The Mauna Loa volcano on the Big Island of Hawaii is said to be the largest active volcano on earth. It is one of two massive volcanoes on the Island (the other being Mauna Kea) that rise almost 14000 feet above sea level. While Mauna Loa is considered active, it had not erupted since 1984, and many wondered if it ever would again. So it was a bit surprising when, in late 2022, underground activity was detected.
But volcanoes follow their own timeline, and activity alone does not foretell an imminent eruption. In this case, it did, however, and near midnight on November 27, an eruption began. You can imagine the commotion created when the world's largest active volcano suddenly erupts on a relatively tiny island in the Pacific! Aside from lava flow, the immediate risk comes from potentially large clouds of ash and volcanic gases (called "vog"). As it turned out, the atmospheric disturbance was not as significant as feared, and we decided, like many others, that we must make the journey to the volcano to observe this momentous event.
We made an initial trip during daylight on November 28 but found the volcano to be almost totally obscured by clouds, most likely of its own making. Since our departure from the Island was only one day away, we thought we would miss our chance to see more. But that night, we were astounded by the brilliant red glow that filled the sky and was plainly visible from our home more than 35 miles away. So we were compelled to go again and began the drive back up to the volcano.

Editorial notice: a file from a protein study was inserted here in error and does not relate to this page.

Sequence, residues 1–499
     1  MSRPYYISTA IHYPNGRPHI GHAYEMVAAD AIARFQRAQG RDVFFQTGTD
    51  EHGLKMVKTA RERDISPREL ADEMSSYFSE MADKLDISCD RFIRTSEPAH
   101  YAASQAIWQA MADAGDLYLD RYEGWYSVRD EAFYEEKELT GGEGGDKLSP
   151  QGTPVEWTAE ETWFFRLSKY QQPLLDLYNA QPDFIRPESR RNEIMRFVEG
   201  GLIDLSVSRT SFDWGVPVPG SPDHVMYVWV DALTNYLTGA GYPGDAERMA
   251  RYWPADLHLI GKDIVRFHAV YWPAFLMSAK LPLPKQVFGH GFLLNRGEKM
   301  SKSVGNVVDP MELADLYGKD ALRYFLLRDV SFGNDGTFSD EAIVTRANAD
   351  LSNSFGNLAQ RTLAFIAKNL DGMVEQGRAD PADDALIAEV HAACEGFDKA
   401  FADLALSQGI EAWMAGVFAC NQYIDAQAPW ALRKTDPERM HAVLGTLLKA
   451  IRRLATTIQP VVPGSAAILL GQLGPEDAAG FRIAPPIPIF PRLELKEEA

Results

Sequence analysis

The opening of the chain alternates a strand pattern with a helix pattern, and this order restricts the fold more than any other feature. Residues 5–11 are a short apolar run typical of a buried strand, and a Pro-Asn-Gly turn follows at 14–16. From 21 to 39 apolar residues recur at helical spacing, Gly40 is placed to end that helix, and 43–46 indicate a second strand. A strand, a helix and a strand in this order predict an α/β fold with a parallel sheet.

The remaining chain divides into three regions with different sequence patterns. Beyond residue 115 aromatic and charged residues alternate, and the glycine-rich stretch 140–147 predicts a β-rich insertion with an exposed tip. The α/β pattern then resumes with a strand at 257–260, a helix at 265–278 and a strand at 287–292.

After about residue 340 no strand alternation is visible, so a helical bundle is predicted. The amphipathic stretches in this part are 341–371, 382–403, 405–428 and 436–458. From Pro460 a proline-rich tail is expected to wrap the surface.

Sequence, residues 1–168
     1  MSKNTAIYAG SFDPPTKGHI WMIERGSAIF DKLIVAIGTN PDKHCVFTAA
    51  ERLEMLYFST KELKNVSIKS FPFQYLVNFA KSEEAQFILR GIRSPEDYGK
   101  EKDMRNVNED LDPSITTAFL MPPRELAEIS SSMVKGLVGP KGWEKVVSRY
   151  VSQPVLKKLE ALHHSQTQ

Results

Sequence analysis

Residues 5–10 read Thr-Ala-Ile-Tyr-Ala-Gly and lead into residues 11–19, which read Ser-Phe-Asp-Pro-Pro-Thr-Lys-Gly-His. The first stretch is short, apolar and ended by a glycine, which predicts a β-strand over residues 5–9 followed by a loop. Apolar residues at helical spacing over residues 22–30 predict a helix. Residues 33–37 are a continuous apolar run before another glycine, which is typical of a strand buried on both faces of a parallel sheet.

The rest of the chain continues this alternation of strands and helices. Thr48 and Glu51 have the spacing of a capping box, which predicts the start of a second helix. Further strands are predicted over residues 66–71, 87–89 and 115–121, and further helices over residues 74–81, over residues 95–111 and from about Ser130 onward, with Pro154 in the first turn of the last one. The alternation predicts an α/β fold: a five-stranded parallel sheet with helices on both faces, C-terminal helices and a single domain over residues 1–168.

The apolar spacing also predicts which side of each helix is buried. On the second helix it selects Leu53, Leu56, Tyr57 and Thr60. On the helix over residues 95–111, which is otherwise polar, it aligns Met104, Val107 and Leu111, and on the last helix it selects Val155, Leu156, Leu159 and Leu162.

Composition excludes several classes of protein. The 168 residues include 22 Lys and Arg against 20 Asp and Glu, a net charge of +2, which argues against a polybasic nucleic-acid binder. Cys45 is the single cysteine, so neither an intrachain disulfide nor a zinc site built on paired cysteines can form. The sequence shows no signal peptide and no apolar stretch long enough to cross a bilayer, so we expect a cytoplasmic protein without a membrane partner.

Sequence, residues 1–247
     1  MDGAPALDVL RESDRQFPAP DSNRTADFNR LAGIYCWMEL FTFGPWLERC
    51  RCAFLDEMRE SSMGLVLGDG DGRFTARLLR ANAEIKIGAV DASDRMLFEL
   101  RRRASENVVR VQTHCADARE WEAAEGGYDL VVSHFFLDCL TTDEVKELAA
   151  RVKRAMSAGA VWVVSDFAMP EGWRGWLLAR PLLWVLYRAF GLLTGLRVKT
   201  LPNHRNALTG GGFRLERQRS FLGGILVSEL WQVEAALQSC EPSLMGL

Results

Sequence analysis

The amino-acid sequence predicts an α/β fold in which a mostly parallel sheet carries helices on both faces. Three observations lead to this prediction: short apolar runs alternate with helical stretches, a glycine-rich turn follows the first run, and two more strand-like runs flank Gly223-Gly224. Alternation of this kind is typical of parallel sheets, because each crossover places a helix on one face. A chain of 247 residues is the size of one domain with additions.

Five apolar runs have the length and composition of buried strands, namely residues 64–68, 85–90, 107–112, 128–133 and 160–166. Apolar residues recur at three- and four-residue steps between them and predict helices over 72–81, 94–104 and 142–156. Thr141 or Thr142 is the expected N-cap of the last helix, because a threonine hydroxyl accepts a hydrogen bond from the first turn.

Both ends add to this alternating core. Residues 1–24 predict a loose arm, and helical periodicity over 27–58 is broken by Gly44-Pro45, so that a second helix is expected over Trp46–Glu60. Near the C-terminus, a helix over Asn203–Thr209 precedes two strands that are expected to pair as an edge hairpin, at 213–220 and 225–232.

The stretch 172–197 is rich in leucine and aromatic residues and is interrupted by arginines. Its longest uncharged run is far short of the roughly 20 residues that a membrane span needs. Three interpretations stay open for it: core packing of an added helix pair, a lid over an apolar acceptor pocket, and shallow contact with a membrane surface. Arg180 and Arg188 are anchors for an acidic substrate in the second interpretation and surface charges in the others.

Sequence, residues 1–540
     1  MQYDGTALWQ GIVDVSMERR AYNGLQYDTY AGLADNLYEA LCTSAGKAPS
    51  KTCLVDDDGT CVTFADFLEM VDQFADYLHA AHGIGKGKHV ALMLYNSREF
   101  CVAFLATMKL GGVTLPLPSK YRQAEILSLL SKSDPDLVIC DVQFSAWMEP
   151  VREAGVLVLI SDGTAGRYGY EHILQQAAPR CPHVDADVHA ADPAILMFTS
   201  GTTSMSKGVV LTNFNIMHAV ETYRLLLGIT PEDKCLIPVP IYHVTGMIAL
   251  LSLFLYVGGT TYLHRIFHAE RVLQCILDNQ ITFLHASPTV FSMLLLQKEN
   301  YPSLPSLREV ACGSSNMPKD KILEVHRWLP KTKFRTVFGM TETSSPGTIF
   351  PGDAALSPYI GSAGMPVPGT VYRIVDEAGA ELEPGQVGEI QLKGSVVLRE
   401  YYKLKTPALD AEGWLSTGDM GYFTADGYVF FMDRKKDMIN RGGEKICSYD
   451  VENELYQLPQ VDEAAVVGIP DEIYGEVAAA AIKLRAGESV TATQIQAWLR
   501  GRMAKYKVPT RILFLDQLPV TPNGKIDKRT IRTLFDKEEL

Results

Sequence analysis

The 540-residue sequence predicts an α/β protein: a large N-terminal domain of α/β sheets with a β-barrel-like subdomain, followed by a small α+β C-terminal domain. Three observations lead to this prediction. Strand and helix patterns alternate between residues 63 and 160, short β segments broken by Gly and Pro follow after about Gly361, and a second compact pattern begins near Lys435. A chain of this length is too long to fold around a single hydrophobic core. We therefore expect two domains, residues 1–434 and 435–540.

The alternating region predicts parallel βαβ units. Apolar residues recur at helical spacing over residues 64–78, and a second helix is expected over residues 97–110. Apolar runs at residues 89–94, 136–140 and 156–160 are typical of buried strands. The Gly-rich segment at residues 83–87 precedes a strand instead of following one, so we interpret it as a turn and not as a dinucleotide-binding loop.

With each passing mile, the scene became more astounding, and we stopped numerous times to set up a tripod in the pitch black along the roadside and take a few shots, believing that we might not be able to get much closer. Ultimately, we made it to the nearest accessible point, which was still more than 10 miles from the lava flow. Lines of lava could be seen snaking down the volcano's flanks, and the cloud and vog-filled sky seemed to be on fire.
We explored several spots for photographs but were challenged by the fact that much of this area is already covered with black lava from ancient eruptions, so pictures would show little but the lines of lava. We finally settled on a spot with some foreground growth. Next, I worked to find exposure settings that would simultaneously light this area while not being overwhelmed by the brilliance beyond.
This photo was the best of many attempts that night to capture both the mountain and sky inferno beyond and provide foreground detail for scale and context. High ISO, long exposure, and much bracketing were all essential. Of the cameras I own, the DC-51 has the best low-light sensitivity and was a good choice.
We were standing at about 6500 feet of elevation and viewing a lava flow that began at about 10000 feet. The volcano peak is to the far right in this photo and is 15 miles away. The scale of this scene is always staggering, even on a calm, clear day. Under these conditions, the immensity of this natural event was astonishing and probably a once-in-a-lifetime experience. As it happens, this eruption was short-lived, and the volcano is now once again dormant. However, some new activity has just been detected, so who knows what's next!
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Dimitri Vasileiou • Editor